The Pittsburgh Steelers found their generational inside linebacker with the 15th-overall selection in the 2014 NFL Draft when they were able to select Ryan Shazier out of Ohio State. By his third season, he had transformed himself into a player who had the makings of a perennial Pro Bowler, and that largely coincided with his finding ways to stay on the field, avoiding minor injuries that caused him to miss time.
We know how the story deviated from that script a short time later in December of 2017, of course. He suffered a severe spinal injury that he will continue to come back from for some time. Even as he continues to set his sights on a return to the field, though, the Steelers of course have turned their attention to the position again, trading up in the first round to select Michigan’s Devin Bush with the 10th pick in the 2019 NFL Draft.
The beauty of the arrangement is, of course, that Shazier is in fact still there, on the roster, albeit officially o the Physically Unable to Perform List. Outside of the lack of opportunity to participate in drills on the field, Shazier is every much a part of this team as Bush and everybody else is.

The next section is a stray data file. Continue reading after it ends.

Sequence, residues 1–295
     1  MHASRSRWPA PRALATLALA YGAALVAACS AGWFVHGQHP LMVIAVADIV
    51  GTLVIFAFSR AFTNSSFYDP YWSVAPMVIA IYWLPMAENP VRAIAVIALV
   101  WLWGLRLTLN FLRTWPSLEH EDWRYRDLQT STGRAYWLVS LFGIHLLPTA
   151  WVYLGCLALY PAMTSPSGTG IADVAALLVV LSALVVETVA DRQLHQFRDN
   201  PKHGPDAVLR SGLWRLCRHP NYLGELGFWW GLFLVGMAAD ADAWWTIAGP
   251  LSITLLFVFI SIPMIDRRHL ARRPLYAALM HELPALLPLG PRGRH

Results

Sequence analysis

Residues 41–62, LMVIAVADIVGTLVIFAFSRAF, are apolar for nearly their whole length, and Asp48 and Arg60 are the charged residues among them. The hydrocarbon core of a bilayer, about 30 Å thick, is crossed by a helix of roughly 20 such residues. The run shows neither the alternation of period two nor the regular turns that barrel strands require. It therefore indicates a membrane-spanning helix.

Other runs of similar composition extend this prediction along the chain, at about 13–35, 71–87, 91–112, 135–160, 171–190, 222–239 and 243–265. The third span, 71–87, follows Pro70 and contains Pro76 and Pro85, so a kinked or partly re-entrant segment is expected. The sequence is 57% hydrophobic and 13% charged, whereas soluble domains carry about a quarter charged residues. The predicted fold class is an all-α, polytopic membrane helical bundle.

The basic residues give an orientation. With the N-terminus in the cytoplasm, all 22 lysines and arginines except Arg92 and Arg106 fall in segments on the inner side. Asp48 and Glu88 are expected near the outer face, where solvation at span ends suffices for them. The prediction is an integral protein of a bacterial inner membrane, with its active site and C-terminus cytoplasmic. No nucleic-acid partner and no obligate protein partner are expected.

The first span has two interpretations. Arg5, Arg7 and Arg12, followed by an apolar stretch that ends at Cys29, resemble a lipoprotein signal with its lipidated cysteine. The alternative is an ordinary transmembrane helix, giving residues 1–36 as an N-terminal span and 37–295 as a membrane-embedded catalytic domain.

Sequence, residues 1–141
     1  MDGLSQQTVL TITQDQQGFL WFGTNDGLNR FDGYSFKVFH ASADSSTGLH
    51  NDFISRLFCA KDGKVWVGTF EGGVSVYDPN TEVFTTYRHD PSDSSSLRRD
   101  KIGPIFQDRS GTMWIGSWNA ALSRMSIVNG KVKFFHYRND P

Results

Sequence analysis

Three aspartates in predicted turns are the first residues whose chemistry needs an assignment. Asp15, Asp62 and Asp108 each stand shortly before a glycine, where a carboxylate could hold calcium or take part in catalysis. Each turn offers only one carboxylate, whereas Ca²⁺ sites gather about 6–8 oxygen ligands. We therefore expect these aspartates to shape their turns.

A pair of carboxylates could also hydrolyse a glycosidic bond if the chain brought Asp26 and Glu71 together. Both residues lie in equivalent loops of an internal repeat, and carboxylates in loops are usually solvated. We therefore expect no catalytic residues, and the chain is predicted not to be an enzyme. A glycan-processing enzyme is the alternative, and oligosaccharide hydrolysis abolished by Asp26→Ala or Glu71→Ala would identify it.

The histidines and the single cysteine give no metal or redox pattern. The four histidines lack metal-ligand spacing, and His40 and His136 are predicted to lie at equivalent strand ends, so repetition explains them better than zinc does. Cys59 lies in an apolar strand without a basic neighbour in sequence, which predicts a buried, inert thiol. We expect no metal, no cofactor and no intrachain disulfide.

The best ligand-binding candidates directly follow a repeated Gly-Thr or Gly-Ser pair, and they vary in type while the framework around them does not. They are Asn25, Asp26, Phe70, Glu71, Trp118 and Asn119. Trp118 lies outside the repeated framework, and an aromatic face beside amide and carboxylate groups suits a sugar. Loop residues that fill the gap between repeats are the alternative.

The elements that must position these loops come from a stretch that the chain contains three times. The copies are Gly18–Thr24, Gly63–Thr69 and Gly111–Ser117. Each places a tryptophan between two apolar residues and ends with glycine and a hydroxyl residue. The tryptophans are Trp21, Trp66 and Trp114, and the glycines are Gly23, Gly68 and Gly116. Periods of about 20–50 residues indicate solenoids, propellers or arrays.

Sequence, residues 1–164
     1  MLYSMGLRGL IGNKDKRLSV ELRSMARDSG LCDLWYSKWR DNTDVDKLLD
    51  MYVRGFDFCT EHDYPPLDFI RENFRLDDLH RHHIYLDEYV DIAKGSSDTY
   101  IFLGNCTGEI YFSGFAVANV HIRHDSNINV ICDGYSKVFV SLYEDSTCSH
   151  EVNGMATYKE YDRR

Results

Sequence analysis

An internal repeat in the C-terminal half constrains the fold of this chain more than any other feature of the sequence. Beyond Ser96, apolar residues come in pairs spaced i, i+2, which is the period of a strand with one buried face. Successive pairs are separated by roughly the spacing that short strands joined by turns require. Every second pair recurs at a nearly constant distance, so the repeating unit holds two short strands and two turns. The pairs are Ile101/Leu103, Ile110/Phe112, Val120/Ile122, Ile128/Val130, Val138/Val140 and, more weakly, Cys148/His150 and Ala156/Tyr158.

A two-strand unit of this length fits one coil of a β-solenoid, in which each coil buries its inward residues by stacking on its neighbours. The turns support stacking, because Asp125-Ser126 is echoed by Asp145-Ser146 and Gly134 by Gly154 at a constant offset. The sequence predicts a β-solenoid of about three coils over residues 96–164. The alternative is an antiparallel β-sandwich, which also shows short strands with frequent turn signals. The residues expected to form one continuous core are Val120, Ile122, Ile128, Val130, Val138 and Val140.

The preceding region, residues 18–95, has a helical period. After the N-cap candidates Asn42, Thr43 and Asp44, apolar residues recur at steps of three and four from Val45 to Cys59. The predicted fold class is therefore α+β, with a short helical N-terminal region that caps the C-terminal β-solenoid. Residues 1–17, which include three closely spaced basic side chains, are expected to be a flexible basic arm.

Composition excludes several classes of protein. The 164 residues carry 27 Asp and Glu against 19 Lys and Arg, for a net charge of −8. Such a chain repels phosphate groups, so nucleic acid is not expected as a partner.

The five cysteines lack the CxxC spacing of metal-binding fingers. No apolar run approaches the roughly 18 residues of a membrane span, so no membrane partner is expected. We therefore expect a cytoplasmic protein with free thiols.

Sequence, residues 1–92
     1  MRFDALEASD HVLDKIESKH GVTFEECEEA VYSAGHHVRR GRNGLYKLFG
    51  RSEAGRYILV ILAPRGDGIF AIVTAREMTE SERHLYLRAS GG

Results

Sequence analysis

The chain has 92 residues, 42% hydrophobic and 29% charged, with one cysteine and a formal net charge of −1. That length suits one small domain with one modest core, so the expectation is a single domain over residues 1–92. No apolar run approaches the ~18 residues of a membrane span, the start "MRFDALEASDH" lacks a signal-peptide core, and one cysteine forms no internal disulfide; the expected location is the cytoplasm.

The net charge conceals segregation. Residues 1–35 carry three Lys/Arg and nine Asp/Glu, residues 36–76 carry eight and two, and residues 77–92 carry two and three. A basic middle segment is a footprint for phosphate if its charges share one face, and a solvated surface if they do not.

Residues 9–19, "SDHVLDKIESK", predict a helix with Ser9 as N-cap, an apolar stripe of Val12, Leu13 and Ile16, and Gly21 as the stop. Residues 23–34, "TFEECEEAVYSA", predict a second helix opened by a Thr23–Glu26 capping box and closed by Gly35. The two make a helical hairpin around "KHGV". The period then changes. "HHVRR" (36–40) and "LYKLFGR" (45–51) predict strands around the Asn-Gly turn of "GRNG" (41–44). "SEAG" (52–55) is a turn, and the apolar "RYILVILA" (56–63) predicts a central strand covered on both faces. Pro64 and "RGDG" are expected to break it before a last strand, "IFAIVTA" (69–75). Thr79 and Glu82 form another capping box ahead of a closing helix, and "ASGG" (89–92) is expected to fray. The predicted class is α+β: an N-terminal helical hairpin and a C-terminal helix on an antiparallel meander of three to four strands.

And it’s no surprise that the two have built a relationship. “We stay in communication on a daily basis”, Bush recently said of Shazier on an appearance on WSVN-TV in Miami. “That’s like my big brother, honestly. He’s just showing me the ropes, the ins and outs of the NFL, how to be a man”.
Asked how it all built up to that, he said, “it was just being from the same town, being from the same area, south Florida, then playing in the Big 10, playing against a rivalry school, and then now, I’m at Pittsburgh. So it kind of, everything just kind of led to each other. We just know each other”.
Shazier was born in Lauderdale Lakes. Bush was born in Pembroke Pines, about a half an hour away. Of course, that doesn’t mean that they knew each other growing up, but that is part of the bond that they now have as teammates, even coming from rival colleges.
While Shazier was a truly gifted athlete—he would have easily been a top-five pick in this year’s draft—it was also what he did above the neck that made him great. Bush, too, is a gifted athlete, at the elite among players at his position, but Shazier can help him make the most of those physical abilities by helping to transfer to him his accumulated knowledge.
Not just from playing, but from watching, and studying, for the past year and a half. Shazier has become a coach as much as anything, and a coach who instantly has the players’ respect and credibility. There’s no doubt in my mind that Bush will benefit in untold ways by having him there.